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Jervis: Hypotheses on Misperception. H1: decision-makers tend to fit incoming information into their existing theories and images H1a: theory will have greater impact on actor’s interpretation of data a) the greater the ambiguity of the data, and

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jervis hypotheses on misperception
Jervis: Hypotheses on Misperception
  • H1: decision-makers tend to fit incoming information into their existing theories and images
    • H1a: theory will have greater impact on actor’s interpretation of data
        • a) the greater the ambiguity of the data, and
        • b) the higher the degree of confidence with which the actor holds the theory
jervis hypotheses on misperception1
Jervis: Hypotheses on Misperception
  • H2: scholars and decision-makers are apt to err by being too wedded to the established view and too closed to new information, as opposed to being too willing to alter their theories
  • H3: actors can more easily assimilate into their established image of another actor information contradicting that image if the information is transmitted and considered bit by bit than if it comes all at once
jervis hypotheses on misperception2
Jervis: Hypotheses on Misperception
  • H4: misperception is most difficult to correct in the case of a missing concept and least difficult to accept in the case of a recognized but presumably unfilled concept
          • (middle category: actor holds concept but does not believe it corresponds to reality)
jervis hypotheses on misperception3
Jervis: Hypotheses on Misperception
  • H5: when messages are sent from a different background of concerns and information than is possessed by the receiver, misunderstanding is likely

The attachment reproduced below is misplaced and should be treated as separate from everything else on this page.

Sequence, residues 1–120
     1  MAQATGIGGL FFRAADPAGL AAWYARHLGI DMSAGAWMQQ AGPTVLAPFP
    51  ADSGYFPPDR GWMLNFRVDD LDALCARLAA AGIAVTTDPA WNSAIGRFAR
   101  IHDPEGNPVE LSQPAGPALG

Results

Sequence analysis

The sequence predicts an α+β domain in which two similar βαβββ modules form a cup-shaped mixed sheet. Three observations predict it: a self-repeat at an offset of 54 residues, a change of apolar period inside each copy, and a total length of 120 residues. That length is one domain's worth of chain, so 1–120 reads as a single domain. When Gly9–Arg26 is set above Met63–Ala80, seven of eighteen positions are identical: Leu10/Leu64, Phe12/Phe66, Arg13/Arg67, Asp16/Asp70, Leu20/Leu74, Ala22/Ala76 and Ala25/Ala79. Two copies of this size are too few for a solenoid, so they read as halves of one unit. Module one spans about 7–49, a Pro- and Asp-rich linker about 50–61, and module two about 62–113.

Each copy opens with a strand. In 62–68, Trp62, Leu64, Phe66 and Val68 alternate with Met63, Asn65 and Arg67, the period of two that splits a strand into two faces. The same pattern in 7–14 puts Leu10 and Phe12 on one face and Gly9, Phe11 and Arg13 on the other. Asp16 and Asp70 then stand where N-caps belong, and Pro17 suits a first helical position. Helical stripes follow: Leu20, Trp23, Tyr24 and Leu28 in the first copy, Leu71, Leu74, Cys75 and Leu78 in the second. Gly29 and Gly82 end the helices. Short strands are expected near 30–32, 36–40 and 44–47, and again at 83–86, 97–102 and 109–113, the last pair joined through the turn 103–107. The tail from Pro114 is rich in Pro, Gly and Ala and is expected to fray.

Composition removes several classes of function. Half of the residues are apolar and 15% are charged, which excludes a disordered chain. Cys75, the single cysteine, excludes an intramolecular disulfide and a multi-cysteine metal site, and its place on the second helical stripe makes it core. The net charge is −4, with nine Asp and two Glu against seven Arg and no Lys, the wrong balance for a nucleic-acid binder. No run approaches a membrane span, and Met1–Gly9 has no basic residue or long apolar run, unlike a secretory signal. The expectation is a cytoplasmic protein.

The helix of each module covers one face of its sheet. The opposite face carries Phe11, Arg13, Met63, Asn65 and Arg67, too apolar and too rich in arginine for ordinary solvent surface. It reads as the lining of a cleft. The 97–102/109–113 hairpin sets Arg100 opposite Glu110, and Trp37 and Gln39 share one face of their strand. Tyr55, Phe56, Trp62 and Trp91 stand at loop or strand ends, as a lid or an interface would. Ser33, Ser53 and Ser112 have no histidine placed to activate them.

• H6: when people spend a great deal of time drawing up a plan or making a decision, they tend to think that the message about it they wish to convey will be clear to the receiver
jervis hypotheses on misperception4
Jervis: Hypotheses on Misperception
  • H7: actors often do not realize that actions intended to project a given image may not have the desired effect because the actions themselves do not turn out as planned
  • H8: there is an overall tendency for decision-makers to see other states as more hostile than they are
  • H9: actors tend to see the behavior of others as more centralized, disciplined, and coordinated than it is
jervis hypotheses on misperception5
Jervis: Hypotheses on Misperception
  • H10: because a state gets most of its information about the other state’s policies from the other’s foreign office, it tends to take the foreign office’s position for the stand of the other government as a whole
  • H11: actors tend to overestimate the degree to which others are acting in response to what they themselves do when others behave in accordance with the actor’s desires; but when the behavior of the other is undesired, it is usually seen as derived from internal forces
jervis hypotheses on misperception6
Jervis: Hypotheses on Misperception
  • H12: when actors have intentions that they do not try to conceal from others, they tend to assume that others accurately perceive these intentions
  • H13: if it is hard for an actor to believe that the other can see him as a menace, it is often even harder for him to see that issues important to him are not important to the others
  • H14: actors tend to overlook the fact that evidence consistent with their theories may also be consistent with other views